This lecture contains an overview of the Distributed Archives for Neurophysiology Data Integration (DANDI) archive, its ties to FAIR and open-source, integrations with other programs, and upcoming features.
This lecture discusses how to standardize electrophysiology data organization to move towards being more FAIR.
This session discussed the secret life of your dataset metadata: the ways in which, for many years to come, it will work non-stop to foster the visibility, reach, and impact of your work. We explored how metadata will help your dataset travel through the global research infrastructure, and how data repositories and discovery services can use this metadata to help launch your dataset into the world.
This lesson provides information on developing data management plans (DMPs), including an overview of how DMPs contribute to effective research efforts, as well as specific development resources and DMP examples.
In this session, participants will take an in-depth look at the newly launched DMP Assistant 2.0, including all of its enhanced key features for both end-users and institutional administrators, as well as a brief look at the future of the platform.
This lesson discusses the need for and approaches to integrating data across the various temporal and spatial scales in which brain activity can be measured.
This lesson consists of lecture and tutorial components, focusing on resources and tools which facilitate multi-scale brain modeling and simulation.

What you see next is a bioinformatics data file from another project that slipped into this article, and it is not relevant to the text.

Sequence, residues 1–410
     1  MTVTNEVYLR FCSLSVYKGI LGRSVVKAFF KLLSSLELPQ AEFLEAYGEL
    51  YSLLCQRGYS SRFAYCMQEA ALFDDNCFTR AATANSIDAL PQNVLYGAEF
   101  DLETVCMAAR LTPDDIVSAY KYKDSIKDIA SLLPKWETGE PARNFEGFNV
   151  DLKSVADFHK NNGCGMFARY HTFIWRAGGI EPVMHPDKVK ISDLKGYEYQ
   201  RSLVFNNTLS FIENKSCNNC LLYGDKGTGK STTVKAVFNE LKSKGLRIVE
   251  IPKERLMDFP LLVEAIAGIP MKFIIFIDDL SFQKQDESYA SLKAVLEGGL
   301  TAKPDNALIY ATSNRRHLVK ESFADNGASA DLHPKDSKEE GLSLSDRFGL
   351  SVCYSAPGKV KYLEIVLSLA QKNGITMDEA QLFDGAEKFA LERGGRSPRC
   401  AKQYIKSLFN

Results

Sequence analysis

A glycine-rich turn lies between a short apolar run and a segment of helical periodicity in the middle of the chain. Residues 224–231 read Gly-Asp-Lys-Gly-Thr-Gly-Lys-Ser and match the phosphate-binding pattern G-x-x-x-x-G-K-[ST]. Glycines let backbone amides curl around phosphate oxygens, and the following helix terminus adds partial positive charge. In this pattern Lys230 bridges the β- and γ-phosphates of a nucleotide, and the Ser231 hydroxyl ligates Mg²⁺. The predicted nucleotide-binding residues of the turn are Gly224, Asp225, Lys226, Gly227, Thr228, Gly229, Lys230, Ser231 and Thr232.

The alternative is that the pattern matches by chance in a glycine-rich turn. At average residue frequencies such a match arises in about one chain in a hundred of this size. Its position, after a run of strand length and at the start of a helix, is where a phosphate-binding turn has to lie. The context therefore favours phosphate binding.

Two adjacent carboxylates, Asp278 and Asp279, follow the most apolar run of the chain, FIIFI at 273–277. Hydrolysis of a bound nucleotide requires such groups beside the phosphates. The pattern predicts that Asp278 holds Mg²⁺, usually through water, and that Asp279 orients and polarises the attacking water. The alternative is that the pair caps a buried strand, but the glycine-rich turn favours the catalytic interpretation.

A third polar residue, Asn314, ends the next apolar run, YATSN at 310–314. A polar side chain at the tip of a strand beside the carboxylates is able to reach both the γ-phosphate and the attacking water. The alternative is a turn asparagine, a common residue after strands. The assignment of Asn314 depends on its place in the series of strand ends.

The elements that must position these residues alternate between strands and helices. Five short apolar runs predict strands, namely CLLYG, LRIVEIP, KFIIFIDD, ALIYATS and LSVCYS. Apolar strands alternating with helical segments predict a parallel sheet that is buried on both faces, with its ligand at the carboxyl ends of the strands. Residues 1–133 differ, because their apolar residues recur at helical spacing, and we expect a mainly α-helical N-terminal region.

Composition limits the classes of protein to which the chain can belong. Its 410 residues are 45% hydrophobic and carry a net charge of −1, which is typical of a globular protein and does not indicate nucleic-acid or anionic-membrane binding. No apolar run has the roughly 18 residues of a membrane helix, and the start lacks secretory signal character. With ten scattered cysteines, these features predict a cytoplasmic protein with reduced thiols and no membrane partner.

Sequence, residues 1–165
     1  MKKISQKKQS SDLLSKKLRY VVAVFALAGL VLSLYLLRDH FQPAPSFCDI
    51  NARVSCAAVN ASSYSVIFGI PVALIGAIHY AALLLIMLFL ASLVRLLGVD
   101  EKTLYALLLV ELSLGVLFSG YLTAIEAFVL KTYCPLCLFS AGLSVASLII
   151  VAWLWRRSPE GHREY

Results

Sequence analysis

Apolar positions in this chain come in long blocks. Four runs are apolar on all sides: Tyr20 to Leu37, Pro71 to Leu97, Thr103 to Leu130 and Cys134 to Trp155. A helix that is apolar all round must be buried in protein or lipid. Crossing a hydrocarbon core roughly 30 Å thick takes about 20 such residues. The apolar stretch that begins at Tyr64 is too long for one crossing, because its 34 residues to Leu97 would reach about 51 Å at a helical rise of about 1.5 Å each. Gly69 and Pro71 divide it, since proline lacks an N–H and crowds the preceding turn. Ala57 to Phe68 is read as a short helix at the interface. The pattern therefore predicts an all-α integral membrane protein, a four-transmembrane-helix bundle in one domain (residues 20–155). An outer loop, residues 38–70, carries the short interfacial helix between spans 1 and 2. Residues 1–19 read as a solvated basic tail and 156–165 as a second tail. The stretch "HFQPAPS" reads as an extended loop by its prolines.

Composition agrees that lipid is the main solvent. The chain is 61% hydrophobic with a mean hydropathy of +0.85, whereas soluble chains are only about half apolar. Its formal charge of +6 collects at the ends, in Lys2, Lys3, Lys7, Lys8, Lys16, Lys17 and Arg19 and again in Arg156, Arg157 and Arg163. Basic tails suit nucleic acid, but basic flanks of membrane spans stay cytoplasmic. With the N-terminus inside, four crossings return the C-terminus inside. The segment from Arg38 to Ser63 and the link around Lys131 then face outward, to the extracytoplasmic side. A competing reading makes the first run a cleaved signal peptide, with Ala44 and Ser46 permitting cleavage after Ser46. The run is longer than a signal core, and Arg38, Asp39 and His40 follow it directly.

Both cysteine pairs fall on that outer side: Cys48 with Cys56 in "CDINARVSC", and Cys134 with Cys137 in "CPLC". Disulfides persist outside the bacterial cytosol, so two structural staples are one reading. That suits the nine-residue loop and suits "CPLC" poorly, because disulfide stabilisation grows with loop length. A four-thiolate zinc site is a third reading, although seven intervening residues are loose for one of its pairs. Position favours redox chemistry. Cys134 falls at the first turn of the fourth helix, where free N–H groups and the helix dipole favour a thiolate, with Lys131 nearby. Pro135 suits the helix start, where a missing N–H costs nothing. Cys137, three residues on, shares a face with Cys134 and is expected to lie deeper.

In this talk, challenges of handling complex neuroscientific data are discussed, as well as tools and services for the annotation, organization, storage, and sharing of these data.
This lecture describes the neuroscience data respository G-Node Infrastructure (GIN), which provides platform independent data access and enables easy data publishing.
This lesson contains both a lecture and a tutorial component. The lecture (0:00-20:03 of YouTube video) discusses both the need for intersectional approaches in healthcare as well as the impact of neglecting intersectionality in patient populations. The lecture is followed by a practical tutorial in both Python and R on how to assess intersectional bias in datasets. Links to relevant code and data are found below.
This lecture provides an overview of successful open-access projects aimed at describing complex neuroscientific models, and makes a case for expanded use of resources in support of reproducibility and validation of models against experimental data.
The lecture provides an overview of the core skills and practical solutions required to practice reproducible research.
This lecture covers multiple aspects of FAIR neuroscience data: what makes it unique, the challenges to making it FAIR, the importance of overcoming these challenges, and how data governance comes into play.
This lecture covers the processes, benefits, and challenges involved in designing, collecting, and sharing FAIR neuroscience datasets.
This lecture covers the benefits and difficulties involved when re-using open datasets, and how metadata is important to the process.
This lecture will provide an overview of Addgene, a tool that embraces the FAIR principles developed by members of the INCF Community. This will include an overview of Addgene, their mission, and available resources.
This lecture covers the IBI Data Standards and Sharing Working Group, including its history, aims, and projects.
This session covers the framework of the International Brain Lab (IBL) and the data architecture used for this project.
The Open Science Framework (OSF) provides avenues for researchers to design a study, as well as collect, analyze, and store data, manage collaborators, and publish research materials. In this webinar, attendees will learn about the many features of the OSF and develop strategies for using the tool within the context of their own research projects. The discussion will be framed around how to best utilize the OSF while also implementing data management and open science best practices.